Ya Ali is a song from the Hindi Film Gangster and Zubin Garg a Balladeer from Assam, gave his voice to the song which became a popular number. The music was composed by Pritam Choudhury on the lyrics of Sayeed Quadri.
The song briefly is, about a lovelorn fellow wanting help from Ali in his hour of sorrow.
Who is this Ali? If Sayeed Quadri is a Shia Muslim he meant the first Khalif who is a gift from Islamic god Allah.
Otherwise, Ali is the son of Abu Talib, the uncle of Muhammad bin Abdullah(Abū al-Qāsim Muḥammad ibn Abd Allāh ibn Abd al-Muṭṭalib ibn Hāshim) and the first male convert to Islam. He, later on, married the daughter of Muhammad and became the Fourth Khalif.
If one is to scrutinize the lyrics of Hindi Cinema written by Mohammedans it is quite often obvious that use of Islamically relevant words or phrases are abounded in songs to go with stories which do not have anything to do with Muslims or Islam.
If we analyze the Alvida in the song Kabhi Alvida Na Kehna; The vida here means goodbye from the word Bidai/Vidai. Why is the need for Al in front then? I am fairly certain it is to purify a word from Sanskrit to be used by a Muslim keeping his commitments to Islam(Sanskrit being the language of a non-Islamic religion is, of course, Haram to a true Muslim!) by the songwriter Javed Akhtar. It is perhaps not widely known that the Kaba is called the Masjid Al Haram, the Al prefix changing the meaning of Haram to opposite what it means. So, readers should now easily see the connection.
Why do the Muslim lyricists in Hindi films need to use Islamically weighted words/phrases where it can be avoided? A similar query can be made on Muslim scriptwriters who follow a similar tradition.
I am sure there is enough Data for an aspiring student to get his/her Doctoral accolade by producing a thesis and bare it all in critical analysis.
My one-line take on it is, ‘It is jihad with ink, to establish the Deen’. Non-Muslim filmgoers are being fed with a dose of the literary poison masking it as Honeyed expressions.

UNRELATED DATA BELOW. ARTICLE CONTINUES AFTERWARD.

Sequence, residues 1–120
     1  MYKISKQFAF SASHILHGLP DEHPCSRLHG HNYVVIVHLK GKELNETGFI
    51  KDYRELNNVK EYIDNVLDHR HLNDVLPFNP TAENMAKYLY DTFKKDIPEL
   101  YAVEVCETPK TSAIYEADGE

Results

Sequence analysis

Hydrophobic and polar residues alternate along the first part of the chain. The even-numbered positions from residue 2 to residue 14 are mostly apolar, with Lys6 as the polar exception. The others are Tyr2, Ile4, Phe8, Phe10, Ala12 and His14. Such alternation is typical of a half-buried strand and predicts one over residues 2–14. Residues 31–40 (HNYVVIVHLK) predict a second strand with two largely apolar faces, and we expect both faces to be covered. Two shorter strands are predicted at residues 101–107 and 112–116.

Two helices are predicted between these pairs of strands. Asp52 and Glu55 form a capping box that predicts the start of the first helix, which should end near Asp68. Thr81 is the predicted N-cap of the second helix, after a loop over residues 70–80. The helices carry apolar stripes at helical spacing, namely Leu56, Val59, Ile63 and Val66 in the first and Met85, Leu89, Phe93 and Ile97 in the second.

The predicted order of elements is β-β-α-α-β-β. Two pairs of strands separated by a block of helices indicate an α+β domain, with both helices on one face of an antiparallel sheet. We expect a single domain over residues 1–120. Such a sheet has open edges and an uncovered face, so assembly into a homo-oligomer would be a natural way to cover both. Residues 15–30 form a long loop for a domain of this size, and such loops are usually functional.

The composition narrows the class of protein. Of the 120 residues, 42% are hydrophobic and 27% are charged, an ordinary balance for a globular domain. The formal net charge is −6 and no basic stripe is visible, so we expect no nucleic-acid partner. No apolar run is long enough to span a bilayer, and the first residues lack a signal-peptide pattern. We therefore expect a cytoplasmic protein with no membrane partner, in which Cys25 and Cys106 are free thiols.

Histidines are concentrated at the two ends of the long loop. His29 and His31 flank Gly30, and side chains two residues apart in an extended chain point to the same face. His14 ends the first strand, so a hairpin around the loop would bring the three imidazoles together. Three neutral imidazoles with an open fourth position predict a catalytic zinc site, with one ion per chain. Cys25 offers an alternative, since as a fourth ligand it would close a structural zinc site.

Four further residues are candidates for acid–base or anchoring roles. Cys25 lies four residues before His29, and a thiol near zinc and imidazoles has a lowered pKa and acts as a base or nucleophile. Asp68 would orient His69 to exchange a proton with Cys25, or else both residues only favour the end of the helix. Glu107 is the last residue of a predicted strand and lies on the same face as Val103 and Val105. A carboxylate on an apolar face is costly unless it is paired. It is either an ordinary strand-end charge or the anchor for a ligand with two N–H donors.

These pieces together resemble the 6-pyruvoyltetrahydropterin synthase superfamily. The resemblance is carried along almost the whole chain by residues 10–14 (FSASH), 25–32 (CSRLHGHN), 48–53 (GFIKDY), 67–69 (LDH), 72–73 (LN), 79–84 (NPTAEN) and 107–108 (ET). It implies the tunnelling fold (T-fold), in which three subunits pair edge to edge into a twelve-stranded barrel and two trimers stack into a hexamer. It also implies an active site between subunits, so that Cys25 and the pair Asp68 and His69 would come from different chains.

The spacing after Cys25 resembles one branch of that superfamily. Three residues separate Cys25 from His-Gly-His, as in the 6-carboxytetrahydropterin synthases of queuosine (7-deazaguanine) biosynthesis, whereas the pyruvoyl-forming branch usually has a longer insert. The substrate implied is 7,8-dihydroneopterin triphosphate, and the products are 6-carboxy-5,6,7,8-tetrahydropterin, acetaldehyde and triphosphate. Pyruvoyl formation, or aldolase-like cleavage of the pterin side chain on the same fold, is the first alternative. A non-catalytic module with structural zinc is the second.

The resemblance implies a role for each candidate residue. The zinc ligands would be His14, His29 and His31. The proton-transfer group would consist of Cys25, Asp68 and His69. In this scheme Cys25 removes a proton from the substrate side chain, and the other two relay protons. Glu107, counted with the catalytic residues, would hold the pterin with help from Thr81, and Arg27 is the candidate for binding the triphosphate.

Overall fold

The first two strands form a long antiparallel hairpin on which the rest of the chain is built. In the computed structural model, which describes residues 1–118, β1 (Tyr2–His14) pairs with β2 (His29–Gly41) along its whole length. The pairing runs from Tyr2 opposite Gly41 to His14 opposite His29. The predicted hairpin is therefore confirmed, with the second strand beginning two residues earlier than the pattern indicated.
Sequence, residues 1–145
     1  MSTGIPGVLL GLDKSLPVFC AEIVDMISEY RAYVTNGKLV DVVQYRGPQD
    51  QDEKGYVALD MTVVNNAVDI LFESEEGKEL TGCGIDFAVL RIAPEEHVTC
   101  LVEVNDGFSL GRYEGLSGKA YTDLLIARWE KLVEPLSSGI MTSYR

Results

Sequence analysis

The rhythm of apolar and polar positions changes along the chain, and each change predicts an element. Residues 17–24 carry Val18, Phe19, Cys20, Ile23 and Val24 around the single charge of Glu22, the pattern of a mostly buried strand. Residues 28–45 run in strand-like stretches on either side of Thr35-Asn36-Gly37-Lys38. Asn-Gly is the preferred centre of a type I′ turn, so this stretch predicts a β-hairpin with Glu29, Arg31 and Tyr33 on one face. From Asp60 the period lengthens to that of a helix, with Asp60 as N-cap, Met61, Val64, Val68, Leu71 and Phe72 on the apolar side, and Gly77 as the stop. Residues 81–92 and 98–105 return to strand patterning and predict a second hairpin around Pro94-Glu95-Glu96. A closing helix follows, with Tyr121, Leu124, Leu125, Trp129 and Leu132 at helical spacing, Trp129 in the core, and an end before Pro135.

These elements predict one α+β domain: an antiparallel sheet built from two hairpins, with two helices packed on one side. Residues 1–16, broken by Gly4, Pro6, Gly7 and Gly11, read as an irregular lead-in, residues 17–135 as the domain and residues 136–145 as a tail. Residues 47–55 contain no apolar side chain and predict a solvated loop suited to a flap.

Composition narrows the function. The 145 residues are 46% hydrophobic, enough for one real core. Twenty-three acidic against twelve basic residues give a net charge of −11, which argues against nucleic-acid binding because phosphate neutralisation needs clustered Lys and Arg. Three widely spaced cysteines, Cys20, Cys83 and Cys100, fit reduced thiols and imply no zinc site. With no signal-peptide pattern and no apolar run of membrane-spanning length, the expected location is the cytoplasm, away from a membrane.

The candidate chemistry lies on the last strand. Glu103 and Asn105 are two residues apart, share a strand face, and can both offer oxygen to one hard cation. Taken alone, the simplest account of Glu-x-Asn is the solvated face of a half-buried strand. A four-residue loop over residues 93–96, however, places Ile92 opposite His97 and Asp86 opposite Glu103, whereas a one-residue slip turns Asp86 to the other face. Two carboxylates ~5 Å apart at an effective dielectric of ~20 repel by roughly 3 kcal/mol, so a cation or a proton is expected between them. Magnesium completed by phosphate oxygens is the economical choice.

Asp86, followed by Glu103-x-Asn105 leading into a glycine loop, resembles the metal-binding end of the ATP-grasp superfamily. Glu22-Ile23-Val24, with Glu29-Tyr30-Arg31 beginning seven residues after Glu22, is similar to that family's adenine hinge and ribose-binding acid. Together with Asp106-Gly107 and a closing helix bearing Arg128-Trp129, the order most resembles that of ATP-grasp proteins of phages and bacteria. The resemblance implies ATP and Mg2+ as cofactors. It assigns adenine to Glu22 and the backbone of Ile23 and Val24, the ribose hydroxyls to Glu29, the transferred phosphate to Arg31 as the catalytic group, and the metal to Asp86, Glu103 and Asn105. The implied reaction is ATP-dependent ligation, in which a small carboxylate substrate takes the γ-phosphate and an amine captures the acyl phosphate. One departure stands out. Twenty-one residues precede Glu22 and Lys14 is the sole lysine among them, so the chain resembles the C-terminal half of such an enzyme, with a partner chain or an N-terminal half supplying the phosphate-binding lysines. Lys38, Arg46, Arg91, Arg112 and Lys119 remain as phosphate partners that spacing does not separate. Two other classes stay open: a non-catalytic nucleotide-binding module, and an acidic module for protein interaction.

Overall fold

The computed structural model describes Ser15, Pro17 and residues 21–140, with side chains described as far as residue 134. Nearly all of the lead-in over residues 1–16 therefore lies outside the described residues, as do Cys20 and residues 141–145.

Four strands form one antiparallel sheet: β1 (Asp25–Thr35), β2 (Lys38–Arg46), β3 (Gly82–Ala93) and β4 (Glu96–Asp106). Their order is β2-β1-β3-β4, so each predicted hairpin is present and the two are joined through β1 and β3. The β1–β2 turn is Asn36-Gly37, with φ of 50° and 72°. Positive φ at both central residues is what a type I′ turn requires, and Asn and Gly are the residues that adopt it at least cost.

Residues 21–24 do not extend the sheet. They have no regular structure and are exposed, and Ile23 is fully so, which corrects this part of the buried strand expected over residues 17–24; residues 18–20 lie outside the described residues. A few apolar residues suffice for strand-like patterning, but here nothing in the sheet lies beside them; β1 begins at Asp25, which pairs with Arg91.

I am truly surprised that Shabana Azmi with her upbringing has not voiced against this stealth use of Islamic ideation. Maybe she is very loyal to her TRUE Muslim husband Javed Akhtar, who’s pen oozes Islamic nectar in his superb literary skill otherwise.
Maybe she has lost her wits in the presence of this literary giant Javed. In that case, how our Bechara Zubin would know that he was praising Islam at the top of his voice while singing Ya Ali! The life of Pi famed Adil Hussain making a statement on Ya Ali as a song praising the divinity proves my above point, after all, Adil is most likely is a practicing Muslim!
Zubin may be a fool in becoming a tool in the Jihad of the Ink & Tune, but, what about the rest of the non-Muslim music lovers of South Asia? Have they been all made Deaf and Blind as per commandments (Sura Al Bakarh 2: 17 -18) or have all these souls become appeasers?
Zubin came to fame rendering Assamese folk music into modern day ballads, more or less like Bhupen Hazarika, so as to say packaging old wine in a new bottle! (Bhupen at least has some originals, but unfortunately, plagiarism came in too viz Bristiirno Parore without initially attributing it to Paul Robson’s Ole Man River.)
If Zubin has artistic creativity that he claims in demanding his creative freedom, the proof would be in him creating original scores which can be proven to be so.
When I read about the news of The United Liberation Front of Asom (ULFA)’s reaction after Zubin singing the Ya Ali number during Bihu function, MY JAW DROPPED WHEN I REALISE THAT THE COMMENDABLE JOB BY THE PUBLICITY ARM OF THE ORGANISATION IN DIGGING UP THE INFORMATION ON THE NON EXISTENT oft-repeated Hindi as the RASHTRABHASA (National Language) OF INDIA notion and exposing this fallacy.
My PUN to the Rashtrabhasa Prasar Samity, Natkhat Tera Lal Jasoda, Natkhat Tera Lal.
And to Zubin.